We’ve all heard a lot lately about college students graduating with crushing amounts of student loan debt. A recent Washington Post article brought home the grim and spiraling reality of student loan debt — and made me wonder what its long-term ramifications are for the families of those students and the economy as a whole.
The Post article compares consumer debt loads in 2005 to those in 2014. Nine years is not a long time — less than a decade and only one presidential administration ago — but the changes are dramatic. The percentage of 20-somethings with mortgage debt has fallen from 63.2 percent to 42.9 percent, and the percentage with student loan debt has almost tripled, from 12.9 percent to 36.8 percent. In short, fewer are borrowing to buy a tangible asset and more are borrowing to acquire an intangible asset with uncertain value.
We don’t know how far up the age scale this exchange of mortgage debt for student loan debt extends, but the homeowners among us should consider what a shrinking pool of potential buyers means for the value of our property and our chances of selling it. Banks won’t view young people who owe tens of thousands of dollars in student loans as good candidates for hefty mortgage loans, and young people who can’t find the high-paying job they need to make debt payments won’t want to be saddled with a house that might interfere with their freedom to move to where jobs are more plentiful. The upshot is shrinking choices for debt-addled 20-somethings and shrinking options for the rest of us.
But the impact goes even farther. The Post article shows that people in their 60s also have increased their student loan debt, and that more families in every income bracket are borrowing to pay for college. The cost of a college education thus affects entire families, with credit-worthy senior citizens taking out loans to help their children and grandchildren pay for that diploma. The acquisition of new debt by 60-somethings runs counter to the most fundamental rule of retirement financial planning, which is that people nearing retirement should pay off debt rather than taking on more. How many older people are deferring retirement to pay off student loans — and in the process hanging on to jobs that might otherwise be available to those recent college graduates?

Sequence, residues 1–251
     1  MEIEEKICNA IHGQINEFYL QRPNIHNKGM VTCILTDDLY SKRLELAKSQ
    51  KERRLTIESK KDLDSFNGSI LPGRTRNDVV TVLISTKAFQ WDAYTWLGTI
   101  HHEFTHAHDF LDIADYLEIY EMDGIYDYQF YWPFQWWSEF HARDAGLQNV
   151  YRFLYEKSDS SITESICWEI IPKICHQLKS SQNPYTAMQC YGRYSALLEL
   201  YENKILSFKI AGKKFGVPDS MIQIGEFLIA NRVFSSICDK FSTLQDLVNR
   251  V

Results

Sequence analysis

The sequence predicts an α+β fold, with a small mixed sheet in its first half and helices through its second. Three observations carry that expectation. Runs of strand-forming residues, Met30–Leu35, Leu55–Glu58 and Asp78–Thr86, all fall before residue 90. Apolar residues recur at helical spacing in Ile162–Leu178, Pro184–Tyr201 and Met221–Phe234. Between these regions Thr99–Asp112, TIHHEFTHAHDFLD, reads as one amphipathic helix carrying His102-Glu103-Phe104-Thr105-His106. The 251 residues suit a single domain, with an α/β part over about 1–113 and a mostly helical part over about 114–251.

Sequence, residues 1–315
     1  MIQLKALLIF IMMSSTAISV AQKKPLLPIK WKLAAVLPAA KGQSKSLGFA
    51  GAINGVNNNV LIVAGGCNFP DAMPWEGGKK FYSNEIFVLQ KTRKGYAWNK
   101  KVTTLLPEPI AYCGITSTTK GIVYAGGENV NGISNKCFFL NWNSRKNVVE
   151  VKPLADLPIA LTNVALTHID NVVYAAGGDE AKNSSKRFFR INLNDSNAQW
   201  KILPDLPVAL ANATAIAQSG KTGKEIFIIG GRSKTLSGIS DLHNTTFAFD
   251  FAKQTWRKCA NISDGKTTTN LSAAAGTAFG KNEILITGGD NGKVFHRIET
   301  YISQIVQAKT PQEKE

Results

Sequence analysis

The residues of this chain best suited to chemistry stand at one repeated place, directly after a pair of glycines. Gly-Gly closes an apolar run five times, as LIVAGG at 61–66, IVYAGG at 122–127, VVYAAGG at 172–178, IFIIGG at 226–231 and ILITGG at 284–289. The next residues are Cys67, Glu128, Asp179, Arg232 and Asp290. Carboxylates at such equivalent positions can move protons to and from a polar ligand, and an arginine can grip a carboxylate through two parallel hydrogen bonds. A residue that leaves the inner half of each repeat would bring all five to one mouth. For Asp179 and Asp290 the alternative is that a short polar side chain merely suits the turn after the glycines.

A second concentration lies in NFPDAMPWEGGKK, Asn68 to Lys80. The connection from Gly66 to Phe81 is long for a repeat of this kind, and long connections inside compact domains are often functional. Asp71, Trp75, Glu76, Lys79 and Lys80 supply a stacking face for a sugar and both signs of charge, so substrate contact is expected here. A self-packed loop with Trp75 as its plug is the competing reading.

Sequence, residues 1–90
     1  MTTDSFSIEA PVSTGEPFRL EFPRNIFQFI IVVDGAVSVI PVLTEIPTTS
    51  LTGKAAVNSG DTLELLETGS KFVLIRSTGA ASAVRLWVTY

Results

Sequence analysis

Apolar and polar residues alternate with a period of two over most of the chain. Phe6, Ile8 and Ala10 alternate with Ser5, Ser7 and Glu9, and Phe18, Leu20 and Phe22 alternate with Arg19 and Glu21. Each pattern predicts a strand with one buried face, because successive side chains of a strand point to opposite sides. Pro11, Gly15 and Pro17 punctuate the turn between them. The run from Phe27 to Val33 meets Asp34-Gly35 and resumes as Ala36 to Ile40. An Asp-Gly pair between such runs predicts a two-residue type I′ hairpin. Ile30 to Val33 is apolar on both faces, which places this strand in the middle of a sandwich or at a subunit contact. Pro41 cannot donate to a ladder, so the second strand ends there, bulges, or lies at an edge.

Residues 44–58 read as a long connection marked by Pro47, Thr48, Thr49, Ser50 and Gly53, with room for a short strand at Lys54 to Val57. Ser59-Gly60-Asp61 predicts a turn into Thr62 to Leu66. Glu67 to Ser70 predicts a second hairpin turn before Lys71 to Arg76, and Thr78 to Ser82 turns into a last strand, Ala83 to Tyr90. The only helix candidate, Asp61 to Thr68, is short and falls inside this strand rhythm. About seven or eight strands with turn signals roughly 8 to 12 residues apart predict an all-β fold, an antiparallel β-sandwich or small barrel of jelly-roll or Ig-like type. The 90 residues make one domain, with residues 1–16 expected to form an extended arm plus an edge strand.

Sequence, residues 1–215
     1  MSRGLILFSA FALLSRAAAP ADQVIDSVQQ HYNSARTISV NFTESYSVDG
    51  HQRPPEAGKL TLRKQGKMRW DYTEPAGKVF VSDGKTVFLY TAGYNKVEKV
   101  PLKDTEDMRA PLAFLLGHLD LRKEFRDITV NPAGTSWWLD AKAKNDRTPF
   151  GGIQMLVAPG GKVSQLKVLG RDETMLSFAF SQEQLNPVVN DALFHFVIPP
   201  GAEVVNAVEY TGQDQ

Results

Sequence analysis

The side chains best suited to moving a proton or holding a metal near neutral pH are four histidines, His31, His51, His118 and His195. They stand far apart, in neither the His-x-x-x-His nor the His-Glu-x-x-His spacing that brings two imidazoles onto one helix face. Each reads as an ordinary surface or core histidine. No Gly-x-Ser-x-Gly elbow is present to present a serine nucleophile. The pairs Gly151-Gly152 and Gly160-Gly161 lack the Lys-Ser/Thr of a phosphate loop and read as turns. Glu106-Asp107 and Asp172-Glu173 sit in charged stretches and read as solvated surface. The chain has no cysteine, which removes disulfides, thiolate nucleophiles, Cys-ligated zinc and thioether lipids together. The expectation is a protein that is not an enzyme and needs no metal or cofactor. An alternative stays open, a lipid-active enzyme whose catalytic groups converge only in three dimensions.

For too long we have viewed a college degree as a kind of holy grail that will inevitably produce a successful career and have geared national policy to make college more “affordable” by increasing the availability of student loans. That approach has removed any incentive for colleges to hold down costs, and the result is sharply increased tuition costs funded by long-term consumer borrowing that affects entire families. I’m as much of a fan of a college education as anyone, but isn’t it time to challenge our colleges and universities to figure out a way to provide that education at lower cost?